This disc as far as I know is the only SACD transcription of SCD's early Boston survey which set the benchmark for Sibelius symphonies until his mid 90's LSO survey emerged, which surpassed it in every way enjoying the benefit of patience and thoughtfulness that comes from more mature years. His final SACD set again with the LSO disappointed partly because it was compiled from live recordings made at subscription series concerts but also as many reviewers at the time suggested - rather rudely - that they were tired performances (presumably from a fading maestro).

As a matter of fact The Kertesz set on Decca with the Vienna Philharmonic has always been my preferred choice over Davis - the set with those wonderful Pieter Breugel paintings - but puzzlingly only one disc from that survey has made it to SACD as well - the First on Esoteric. Listen to that one, it will knock your socks off!

This decade of the 21st century is not being particularly kind to Jean Sibelius, there seem to be very few new recordings whilst concert performances are becoming rarer certainly in my western European neck of the woods, the fickle winds of fashion aye?

Comment by Graham Williams - July 1, 2016 (3 of 8)

To hiredfox:

Kertesz never recorded the Sibelius Symphonies with the Vienna Philharmonic, they were conducted by Lorin Maazel.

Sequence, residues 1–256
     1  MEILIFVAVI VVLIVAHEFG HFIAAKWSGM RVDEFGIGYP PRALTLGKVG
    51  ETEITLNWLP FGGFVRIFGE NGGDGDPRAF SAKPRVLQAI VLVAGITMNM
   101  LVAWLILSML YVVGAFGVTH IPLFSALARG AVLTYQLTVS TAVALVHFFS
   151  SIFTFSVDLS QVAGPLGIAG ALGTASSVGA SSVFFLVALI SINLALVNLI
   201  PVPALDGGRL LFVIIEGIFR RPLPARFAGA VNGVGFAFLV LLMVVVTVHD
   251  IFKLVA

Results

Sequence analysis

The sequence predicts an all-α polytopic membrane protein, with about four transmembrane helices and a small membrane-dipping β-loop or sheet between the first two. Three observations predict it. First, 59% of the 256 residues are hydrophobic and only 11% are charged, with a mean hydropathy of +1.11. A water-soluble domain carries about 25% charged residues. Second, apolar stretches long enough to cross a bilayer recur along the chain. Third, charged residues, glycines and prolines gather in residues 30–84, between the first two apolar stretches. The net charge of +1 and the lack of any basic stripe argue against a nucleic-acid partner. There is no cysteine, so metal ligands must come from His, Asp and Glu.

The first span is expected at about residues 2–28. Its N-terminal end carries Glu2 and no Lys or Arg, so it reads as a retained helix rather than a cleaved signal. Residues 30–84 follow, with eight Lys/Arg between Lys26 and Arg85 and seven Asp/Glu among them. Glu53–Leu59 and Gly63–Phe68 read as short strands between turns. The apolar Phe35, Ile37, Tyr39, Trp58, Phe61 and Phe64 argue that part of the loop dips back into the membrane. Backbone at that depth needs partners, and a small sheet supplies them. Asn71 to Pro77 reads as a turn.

It was the Kertesz set of Dvorak Symphonies that had the covers with the Breugel paintings.

Comment by William Hecht - July 2, 2016 (4 of 8)

My goodness John, how much more could you expect on disc? We have two complete symphony sets on BIS (the disc containing 3,6,&7 with Vanska/Minnesota is due for UK release on July 29), Storgard's set on Chandos rbcd, Rattle's bluray set with the BPO, and Lintu's bluray set with the FRSO, three complete Lemminkainens, two on sacd, the violin concerto on Chandos, and more, all released since 2010. It's true that in concert the pickings are pretty slim, but since health issues prevent me from concert going I have to be content with spending the money on discs and enjoying myself at home. Happy listening.


Comment by hiredfox - July 12, 2016 (5 of 8)

Graham, you are absolutely correct of course, Kertesz with the LSO!

Rather more than a senior moment... now where did I put my cocoa?

Comment by hiredfox - July 12, 2016 (6 of 8)

Hi Bill.

As you can tell from my earlier comment June 30, 2016 clearly did not include my finest hour! Announcement of the completion of the Vanska/Minnesota set came a little later so I felt unable to reference it at that time. Vanska's 1 and 4 combination was/is absolutely wonderful and arguably the best yet on disc. :-)


Comment by William Hecht - July 13, 2016 (7 of 8)

We all have those days, John, and at almost 70 I'm having them more often. I never thought I'd "get" the 4th until I heard the Minnesota/Vanska recording. Now it's the Sibelius I listen to most frequently, no tunes to hum like the 2nd or 5th, but so profound.I'm eagerly awaiting the final disc in the series (hoping for the completion of the Sudbin Beethoven concerto set as well, pity we no longer have Robert around to give us a hint here and there).


Comment by Waveform - July 18, 2016 (8 of 8)

Hello everybody!
Great news! PENTATONE answered in LinkedIn: "Hi Luukas. Yes, next year more exciting titles! :)"
More RQR albums, then. Hopefully the rest of this marvelous Sibelius cycle will be among them!